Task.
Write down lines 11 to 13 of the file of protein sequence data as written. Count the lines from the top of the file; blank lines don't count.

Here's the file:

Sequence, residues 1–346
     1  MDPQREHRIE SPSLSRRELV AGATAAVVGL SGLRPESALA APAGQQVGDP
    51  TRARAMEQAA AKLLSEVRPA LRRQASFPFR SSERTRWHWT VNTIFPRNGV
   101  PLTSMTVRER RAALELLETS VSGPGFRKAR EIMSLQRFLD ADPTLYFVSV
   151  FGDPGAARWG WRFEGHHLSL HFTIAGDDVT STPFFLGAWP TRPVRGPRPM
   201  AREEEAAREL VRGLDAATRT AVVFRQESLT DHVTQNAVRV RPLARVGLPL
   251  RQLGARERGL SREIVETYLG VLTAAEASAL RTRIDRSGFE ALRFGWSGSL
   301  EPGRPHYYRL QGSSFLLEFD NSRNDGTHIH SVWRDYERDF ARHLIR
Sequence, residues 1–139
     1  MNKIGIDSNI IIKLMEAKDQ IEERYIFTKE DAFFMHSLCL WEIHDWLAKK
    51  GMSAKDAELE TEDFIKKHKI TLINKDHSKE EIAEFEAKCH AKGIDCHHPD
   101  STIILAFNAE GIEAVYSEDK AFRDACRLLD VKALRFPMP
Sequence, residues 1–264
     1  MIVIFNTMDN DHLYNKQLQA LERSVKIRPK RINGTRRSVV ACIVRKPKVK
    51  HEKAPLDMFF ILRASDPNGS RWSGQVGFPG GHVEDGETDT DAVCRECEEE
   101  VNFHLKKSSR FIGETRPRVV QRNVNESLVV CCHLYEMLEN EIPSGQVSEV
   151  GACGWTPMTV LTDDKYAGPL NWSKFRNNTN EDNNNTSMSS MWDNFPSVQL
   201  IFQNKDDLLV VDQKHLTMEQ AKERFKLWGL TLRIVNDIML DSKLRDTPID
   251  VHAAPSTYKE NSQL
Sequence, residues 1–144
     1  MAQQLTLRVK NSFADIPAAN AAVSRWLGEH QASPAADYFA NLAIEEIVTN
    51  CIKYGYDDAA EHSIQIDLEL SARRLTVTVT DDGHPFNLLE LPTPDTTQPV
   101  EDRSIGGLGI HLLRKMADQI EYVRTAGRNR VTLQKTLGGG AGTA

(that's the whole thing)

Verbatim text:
    51  GMSAKDAELE TEDFIKKHKI TLINKDHSKE EIAEFEAKCH AKGIDCHHPD
   101  STIILAFNAE GIEAVYSEDK AFRDACRLLD VKALRFPMP
Sequence, residues 1–264